We would all love to have a temperature and humidity controlled wine cellar, but space limitations, expense or too little wine can make it difficult to justify. If you are lucky enough to have space for a wine cellar, bravo, you're a step ahead and probably don't need to read the rest of this. But many of you just want to know what you can do to prevent your wine from turning to vinegar without going to a lot of trouble and expense. Read on.
There are three important things to remember before selecting a proper wine storage area: location, location, location. Wines are fragile and need certain conditions to give them a chance of surviving.
This is probably the most important factor to consider. Suggested wine storage temperature is 50F to 60F. Maintaining that temperature in your house would probably freeze you to death and substantially increase your energy bills.
Even if you can't achieve those temperature goals, we recommend you find the coolest closet in your house or apartment, place a thermometer inside and check it once in the morning, again at midday, and finally at night. Compare them and see how consistent they are relative to each other.
More than anything, wine needs a consistent temperature to mature properly. If, for instance, the temperature in the morning is 68F, midday is 78F and at night 80F+ then this may present a problem and you may need to seek another place. If, however, the temperature stays pretty consistently in the 60s, then you've found a good location.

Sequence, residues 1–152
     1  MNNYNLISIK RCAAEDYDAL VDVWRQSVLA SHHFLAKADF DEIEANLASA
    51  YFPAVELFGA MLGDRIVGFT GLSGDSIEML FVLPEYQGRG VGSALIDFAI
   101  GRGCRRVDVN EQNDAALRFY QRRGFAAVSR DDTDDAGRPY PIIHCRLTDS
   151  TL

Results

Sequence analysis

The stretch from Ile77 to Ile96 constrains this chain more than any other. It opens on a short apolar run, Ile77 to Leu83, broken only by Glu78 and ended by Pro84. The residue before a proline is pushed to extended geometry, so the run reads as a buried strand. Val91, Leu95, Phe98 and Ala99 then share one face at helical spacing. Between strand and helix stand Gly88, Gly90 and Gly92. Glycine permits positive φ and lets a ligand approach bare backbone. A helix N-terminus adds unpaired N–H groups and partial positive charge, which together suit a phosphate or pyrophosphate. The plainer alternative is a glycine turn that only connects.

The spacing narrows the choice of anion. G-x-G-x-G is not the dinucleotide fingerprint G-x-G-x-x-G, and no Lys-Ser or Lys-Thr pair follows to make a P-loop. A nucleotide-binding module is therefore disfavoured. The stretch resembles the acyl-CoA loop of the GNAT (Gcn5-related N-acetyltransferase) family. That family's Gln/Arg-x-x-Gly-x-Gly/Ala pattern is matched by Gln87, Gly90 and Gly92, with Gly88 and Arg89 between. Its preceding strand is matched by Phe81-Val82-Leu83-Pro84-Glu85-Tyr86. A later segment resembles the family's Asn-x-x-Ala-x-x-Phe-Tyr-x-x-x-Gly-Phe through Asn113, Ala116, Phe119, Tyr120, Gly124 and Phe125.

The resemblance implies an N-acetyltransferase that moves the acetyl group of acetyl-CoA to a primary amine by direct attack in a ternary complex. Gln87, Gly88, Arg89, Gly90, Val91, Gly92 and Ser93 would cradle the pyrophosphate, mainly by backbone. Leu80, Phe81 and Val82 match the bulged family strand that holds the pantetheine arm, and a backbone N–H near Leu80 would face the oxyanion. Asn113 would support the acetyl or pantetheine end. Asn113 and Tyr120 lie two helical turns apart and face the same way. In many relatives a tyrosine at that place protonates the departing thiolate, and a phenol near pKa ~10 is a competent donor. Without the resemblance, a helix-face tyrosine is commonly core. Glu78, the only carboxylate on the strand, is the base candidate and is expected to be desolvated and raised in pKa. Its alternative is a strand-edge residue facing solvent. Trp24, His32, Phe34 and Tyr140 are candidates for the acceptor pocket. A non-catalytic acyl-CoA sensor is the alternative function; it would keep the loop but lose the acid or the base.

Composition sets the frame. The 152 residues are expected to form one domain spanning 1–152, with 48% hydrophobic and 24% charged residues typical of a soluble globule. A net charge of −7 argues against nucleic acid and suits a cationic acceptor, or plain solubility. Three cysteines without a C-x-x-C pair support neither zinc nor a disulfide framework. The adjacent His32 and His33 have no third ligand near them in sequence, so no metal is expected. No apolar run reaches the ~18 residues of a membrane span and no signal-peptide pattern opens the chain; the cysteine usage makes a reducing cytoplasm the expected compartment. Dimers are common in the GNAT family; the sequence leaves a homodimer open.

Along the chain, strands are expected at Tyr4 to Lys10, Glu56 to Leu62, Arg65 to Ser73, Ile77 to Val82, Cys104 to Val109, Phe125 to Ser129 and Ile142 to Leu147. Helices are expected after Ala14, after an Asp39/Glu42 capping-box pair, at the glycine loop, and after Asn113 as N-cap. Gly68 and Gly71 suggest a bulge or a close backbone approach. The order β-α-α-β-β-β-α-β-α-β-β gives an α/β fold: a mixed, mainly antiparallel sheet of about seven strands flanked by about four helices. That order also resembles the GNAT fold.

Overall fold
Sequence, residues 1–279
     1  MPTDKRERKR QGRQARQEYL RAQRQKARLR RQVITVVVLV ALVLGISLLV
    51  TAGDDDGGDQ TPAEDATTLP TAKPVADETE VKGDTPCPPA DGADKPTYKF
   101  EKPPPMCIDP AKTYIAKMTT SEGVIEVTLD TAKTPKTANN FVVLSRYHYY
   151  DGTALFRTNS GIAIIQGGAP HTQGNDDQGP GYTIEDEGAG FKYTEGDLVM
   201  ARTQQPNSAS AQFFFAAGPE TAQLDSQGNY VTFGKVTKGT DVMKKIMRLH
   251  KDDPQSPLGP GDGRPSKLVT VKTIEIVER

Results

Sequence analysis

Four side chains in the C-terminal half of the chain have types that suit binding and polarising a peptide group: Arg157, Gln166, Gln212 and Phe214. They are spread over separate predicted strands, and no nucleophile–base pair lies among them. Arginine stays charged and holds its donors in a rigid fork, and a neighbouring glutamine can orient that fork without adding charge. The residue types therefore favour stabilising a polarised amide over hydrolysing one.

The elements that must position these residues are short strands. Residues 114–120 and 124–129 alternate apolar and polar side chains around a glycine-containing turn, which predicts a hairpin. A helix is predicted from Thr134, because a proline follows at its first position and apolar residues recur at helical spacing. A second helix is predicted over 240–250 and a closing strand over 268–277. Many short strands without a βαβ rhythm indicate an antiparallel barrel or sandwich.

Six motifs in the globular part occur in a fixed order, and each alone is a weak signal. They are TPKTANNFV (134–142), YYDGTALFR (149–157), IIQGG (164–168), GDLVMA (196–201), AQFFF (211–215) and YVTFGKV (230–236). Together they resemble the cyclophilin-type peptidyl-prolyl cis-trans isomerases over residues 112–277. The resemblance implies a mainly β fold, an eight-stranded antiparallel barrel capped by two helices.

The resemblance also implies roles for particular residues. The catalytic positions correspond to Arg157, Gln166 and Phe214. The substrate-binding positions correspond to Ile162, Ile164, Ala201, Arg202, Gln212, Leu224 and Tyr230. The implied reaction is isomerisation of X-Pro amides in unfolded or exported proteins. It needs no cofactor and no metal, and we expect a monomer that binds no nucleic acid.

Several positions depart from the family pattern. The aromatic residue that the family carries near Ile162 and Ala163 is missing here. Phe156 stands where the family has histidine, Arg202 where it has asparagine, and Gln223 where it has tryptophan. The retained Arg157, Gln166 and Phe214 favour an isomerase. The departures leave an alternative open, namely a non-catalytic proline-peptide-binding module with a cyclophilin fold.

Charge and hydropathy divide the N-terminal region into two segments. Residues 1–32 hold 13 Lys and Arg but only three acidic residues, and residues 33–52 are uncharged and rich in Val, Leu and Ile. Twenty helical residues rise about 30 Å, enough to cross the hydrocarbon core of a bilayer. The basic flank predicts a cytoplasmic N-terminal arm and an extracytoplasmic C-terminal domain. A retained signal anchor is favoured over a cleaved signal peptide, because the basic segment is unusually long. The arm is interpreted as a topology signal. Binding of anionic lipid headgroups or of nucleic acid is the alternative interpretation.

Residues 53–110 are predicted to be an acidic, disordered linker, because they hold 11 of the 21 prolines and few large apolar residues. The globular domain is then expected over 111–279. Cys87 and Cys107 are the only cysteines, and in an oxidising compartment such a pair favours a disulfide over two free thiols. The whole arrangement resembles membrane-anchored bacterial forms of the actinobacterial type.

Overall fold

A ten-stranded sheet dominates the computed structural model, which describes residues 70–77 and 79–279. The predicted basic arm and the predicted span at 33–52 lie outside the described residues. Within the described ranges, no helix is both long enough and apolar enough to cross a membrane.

This can be a problem too. Direct sunlight presents two problems, light and heat, so definitely keep your wine away from outside windows. Even lamps can be hazardous to your wine's health so avoid them too. Keeping your wine on top of the refrigerator may look nice, but it certainly isn't doing your wine any good.
Another potential disaster is storage in an area with heavy foot traffic, near household appliances or anything that can create vibrations. Wine is delicate and its components can break down over time if exposed to heavy vibration. This is why an old refrigerator does not make a good wine cellar. First, the highest setting is probably too cold for red wines, and secondly, refrigerators are not dampened against vibration from the cooling unit.
Wines need to be stored either on their side or cork side down to keep the cork from drying out and allowing air to enter through the cork. This can cause excess oxidation. If you can't use proper wine racking or bins, we recommend using old wine case boxes for storage. If you receive wine via mail order (from Winetasting.com for example), use the packaging material for extra insulating protection against temperature fluctuations.
You don't need to spend a lot of money to store your wine. Remember, as cool as possible, but more importantly as consistent in temperature as possible; keep the wine away from light sources, and stay away from anything that can jostle the wine such as the washing machine.
Give your wine a good chance and you will be rewarded handsomely!